Peace Through Security: Making Negotiated Settlements Stick

Monica Toft
Content Type
Working Paper
Centre for International Peace and Security Studies
This paper presents an empirical challenge to the commonlyaccepted wisdom that negotiated settlements are the best way to end civil wars. There are two problems with negotiated settlements. First, negotiated settlements account for only onefifth of all civil war outcomes, thus the bulk of wars and their endings remain largely understudied. Second, wars ended by negotiated settlements are much more likely to recur than those ended by outright military victory. The paper shows that military victories, especially those attained by rebels, are not only more stable, but may help better promote democratization. The author argues that rebel victories are more stable because they employ mechanisms of both harm and benefit to all parties in reconstructing the state. By contrast, negotiated settlements tend to include only mutual benefit, leaving mutual harm mechanisms aside. The implication being that without the possibility of mutual harm, negotiated settlements fail. The paper offers ways to integrate harm mechanisms into these settlements and thereby make them as robust as military victories.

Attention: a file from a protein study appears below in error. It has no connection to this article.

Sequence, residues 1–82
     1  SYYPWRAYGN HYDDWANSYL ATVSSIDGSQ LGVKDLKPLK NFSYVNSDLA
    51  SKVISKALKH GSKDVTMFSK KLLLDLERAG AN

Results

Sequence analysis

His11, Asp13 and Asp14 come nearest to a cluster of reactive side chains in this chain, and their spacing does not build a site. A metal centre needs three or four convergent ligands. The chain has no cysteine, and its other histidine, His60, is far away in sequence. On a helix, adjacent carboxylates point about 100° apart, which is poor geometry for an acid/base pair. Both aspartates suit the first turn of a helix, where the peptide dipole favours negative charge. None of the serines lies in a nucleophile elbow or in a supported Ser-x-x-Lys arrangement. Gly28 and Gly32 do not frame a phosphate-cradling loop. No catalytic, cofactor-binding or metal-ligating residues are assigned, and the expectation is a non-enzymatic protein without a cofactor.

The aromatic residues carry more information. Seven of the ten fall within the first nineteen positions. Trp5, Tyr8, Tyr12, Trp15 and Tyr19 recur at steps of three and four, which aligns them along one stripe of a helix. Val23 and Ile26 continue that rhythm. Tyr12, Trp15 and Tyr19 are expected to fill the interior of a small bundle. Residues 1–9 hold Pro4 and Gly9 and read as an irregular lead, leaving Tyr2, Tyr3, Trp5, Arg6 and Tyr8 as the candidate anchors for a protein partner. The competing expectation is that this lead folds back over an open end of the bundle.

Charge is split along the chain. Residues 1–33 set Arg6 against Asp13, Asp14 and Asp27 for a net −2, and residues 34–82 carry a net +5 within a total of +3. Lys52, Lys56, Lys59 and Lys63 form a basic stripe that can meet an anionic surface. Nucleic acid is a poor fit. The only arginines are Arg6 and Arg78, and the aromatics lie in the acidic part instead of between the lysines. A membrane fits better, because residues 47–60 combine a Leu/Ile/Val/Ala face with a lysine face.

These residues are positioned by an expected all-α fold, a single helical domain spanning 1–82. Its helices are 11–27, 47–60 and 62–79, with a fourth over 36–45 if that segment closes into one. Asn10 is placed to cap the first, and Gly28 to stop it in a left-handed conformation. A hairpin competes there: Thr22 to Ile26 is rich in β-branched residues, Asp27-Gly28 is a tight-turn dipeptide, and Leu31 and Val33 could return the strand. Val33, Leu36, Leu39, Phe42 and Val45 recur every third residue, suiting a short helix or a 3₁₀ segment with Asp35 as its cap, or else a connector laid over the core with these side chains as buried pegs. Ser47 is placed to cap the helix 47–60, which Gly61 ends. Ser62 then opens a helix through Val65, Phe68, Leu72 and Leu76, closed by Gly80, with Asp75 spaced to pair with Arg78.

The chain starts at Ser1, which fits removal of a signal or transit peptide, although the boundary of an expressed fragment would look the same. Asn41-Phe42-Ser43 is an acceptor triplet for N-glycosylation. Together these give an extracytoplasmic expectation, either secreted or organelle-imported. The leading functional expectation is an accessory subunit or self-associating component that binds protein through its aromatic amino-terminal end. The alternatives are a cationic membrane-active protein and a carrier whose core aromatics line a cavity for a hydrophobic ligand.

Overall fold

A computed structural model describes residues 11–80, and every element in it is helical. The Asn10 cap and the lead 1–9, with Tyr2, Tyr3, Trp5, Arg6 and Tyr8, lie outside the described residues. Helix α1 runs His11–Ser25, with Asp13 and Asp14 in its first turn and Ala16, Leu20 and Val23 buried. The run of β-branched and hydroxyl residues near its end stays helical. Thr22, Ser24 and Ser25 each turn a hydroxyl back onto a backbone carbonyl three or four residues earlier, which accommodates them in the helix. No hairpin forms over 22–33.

Security, Peace Studies, Treaties and Agreements